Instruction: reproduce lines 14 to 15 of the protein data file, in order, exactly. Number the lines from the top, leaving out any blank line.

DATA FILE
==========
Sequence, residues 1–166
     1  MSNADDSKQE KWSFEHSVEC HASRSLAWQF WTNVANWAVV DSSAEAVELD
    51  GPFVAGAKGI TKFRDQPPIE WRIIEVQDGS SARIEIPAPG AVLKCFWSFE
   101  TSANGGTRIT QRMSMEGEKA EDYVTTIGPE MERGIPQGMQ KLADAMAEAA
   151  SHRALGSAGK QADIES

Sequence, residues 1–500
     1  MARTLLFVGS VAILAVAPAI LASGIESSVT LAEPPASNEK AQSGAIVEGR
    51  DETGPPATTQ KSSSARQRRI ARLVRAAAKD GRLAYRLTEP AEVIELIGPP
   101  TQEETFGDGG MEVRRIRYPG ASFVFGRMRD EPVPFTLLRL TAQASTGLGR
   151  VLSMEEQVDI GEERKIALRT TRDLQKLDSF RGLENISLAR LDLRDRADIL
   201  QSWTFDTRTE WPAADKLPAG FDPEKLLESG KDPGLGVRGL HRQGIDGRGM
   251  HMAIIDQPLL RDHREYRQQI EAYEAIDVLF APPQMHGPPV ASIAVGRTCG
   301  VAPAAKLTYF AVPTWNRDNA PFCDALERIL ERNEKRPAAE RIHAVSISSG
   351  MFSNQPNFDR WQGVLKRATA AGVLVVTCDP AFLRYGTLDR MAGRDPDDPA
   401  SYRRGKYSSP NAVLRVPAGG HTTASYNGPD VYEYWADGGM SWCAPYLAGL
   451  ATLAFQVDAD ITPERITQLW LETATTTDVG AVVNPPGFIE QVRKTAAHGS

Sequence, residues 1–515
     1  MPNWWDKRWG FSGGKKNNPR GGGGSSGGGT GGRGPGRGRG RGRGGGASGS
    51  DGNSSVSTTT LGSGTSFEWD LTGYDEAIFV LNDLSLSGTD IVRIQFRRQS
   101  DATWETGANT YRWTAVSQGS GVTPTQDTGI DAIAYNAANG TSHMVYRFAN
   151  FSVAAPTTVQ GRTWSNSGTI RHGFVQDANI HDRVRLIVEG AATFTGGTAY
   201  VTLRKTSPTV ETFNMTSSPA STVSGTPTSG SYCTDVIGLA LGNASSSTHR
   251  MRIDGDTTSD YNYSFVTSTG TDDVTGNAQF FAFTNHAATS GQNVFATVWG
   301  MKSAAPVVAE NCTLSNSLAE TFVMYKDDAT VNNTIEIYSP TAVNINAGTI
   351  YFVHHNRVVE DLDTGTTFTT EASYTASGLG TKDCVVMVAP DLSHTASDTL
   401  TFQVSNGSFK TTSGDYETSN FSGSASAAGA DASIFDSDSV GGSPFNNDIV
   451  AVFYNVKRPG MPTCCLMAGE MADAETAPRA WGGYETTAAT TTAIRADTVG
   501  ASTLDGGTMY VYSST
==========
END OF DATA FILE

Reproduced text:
   351  MFSNQPNFDR WQGVLKRATA AGVLVVTCDP AFLRYGTLDR MAGRDPDDPA
   401  SYRRGKYSSP NAVLRVPAGG HTTASYNGPD VYEYWADGGM SWCAPYLAGL